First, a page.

Inscribed Bowl from Jerusalem (7th century BC)

The Israel Antiquities Authority (IAA) has announced a number of new artefacts discovered during excavations near the Gihon Spring at the ‘City of David’—the location of ancient Jerusalem during the time of the kingdom of Judah. The finds come from an Iron Age II stratum dated to the 7th century BC. Among the finds is the fragment of a clay bowl inscribed with a name just under the rim. The name is fragmentary, but the extant letters can easily be deciphered as ריהו בן בנה (—riah son of Banah). The Yahwistic theophoric element in the name is readily observable. In terms of palaeography, the letter forms exhibit a 7th century BC style.

The IAA announcement may give the impression that the person named on this bowl fragment is Zechariah ben-Benaiah. He is mentioned in 2 Chronicles 20.14 as the father of the prophet Jahaziel, who was a Levite and contemporary of King Jehoshaphat. However, Jehoshaphat reigned in the early 9th century BC (c. 874–850 BC), some two centuries before the likely era of the person mentioned on this bowl fragment. When read carefully, the IAA announcement does not identify the person named on the bowl with this Zechariah, but rather suggests that the name of this Zechariah is the ‘most similar name to our inscription’. All that we can say with a reasonable degree of confidence is that the owner of this bowl was a resident of Jerusalem in the 7th century BC, perhaps of some standing. After all, not everyone had their name custom engraved into a bowl before it was fired in a kiln. More than that we cannot say. Whether the man’s name was Zechariah, or Azariah, or Amariah, or Uriah, or something else altogether, we simply don’t know. All we know is that Banah was his dad.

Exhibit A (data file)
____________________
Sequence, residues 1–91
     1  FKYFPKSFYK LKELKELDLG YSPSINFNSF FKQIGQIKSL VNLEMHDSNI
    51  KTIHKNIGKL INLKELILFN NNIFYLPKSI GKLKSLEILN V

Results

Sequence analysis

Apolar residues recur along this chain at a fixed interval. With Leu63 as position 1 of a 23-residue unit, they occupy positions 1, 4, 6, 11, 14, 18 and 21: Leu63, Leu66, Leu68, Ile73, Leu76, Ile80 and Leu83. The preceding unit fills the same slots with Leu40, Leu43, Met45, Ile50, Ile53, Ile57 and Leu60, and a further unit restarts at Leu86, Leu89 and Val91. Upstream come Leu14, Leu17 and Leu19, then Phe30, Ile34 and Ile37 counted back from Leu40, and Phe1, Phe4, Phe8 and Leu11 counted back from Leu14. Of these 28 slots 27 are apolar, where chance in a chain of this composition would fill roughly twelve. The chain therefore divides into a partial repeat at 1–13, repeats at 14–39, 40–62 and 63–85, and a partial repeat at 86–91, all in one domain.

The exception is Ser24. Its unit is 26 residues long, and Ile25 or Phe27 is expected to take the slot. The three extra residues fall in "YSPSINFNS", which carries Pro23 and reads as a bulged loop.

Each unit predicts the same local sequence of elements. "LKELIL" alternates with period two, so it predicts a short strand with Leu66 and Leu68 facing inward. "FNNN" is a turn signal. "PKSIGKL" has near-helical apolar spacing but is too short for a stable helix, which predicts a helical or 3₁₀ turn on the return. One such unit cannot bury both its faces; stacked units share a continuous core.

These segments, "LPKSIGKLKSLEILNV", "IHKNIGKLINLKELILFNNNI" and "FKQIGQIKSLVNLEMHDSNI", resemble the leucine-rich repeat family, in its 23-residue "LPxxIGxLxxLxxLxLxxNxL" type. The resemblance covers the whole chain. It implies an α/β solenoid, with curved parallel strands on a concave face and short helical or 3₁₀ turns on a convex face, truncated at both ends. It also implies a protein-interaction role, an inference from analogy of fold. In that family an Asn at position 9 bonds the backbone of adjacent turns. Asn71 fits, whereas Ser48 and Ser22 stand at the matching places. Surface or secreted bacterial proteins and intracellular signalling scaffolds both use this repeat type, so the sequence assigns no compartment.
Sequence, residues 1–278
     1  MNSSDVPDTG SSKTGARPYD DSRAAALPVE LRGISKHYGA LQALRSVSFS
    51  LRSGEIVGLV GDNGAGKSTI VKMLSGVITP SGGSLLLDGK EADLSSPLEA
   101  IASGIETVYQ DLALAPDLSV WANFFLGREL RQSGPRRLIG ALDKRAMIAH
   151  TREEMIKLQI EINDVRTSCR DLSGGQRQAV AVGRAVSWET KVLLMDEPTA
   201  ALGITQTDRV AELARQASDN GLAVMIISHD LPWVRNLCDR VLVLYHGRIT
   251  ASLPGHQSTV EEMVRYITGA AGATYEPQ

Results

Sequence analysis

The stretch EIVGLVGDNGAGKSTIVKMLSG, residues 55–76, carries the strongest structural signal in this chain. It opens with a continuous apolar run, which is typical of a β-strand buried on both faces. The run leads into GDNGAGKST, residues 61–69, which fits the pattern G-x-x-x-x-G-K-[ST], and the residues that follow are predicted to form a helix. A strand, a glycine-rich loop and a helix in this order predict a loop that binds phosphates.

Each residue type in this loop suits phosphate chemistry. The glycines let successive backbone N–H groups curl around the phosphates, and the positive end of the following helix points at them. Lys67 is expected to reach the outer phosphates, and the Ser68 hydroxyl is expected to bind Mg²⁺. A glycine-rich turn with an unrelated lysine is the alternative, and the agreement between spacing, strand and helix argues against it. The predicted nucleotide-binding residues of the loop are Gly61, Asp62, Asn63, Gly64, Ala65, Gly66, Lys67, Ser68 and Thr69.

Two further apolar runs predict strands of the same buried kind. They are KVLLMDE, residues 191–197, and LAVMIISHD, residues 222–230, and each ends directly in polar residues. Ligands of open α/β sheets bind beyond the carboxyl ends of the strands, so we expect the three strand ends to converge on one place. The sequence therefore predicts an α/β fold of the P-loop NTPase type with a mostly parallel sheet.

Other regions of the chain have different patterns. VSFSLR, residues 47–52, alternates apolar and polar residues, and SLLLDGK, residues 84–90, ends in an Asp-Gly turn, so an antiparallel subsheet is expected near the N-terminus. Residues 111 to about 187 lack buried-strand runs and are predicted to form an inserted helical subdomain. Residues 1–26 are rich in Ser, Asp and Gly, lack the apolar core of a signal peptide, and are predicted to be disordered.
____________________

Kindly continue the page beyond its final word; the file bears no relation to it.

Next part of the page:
The IAA state that more information about the finds will be forthcoming at Megalim’s Annual Archaeological Conference on 29 August in Jerusalem.

The photographs reproduced here were taken by Clara Amit of the IAA, and downloaded from the IAA page.

Seventh century BC bowl fragment from Jerusalem with inscription reading
ריהו בן בנה (—riah son of Banah).
Photo: Clara Amit, Israel Antiquities Authority

Some of the other ceramic finds from excavations near the Gihon Spring. Back Left: two jar handles. Front Left: the heads of two figurines. Right: two oil lamps.
Photo: Clara Amit, Israel Antiquities Authority

Map of the Old City of Jerusalem, showing the location of the Gihon Spring excavations (near bottom right) in the City of David (original site of ancient Jerusalem), south of the Temple Mount.

The Kidron Valley with the eastern slope of the City of David near the Gihon Spring on the left. On the right is the western slope of the Mount of Olives.

Links

Announcement by the Israel Antiquities Authority

Article in the Jerusalem Post

Claims of a 2700 Year Old Inscription Found in Jerusalem (from Jim West’s Blog)

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2 thoughts on “Inscribed Bowl from Jerusalem (7th century BC)

  1. Pingback: 2700 Year-Old Inscription found in the City of David | Command the Raven

  2. Pingback: Jesus Lives! » Blog Archive » 2700 Year-Old Inscription found in the City of David

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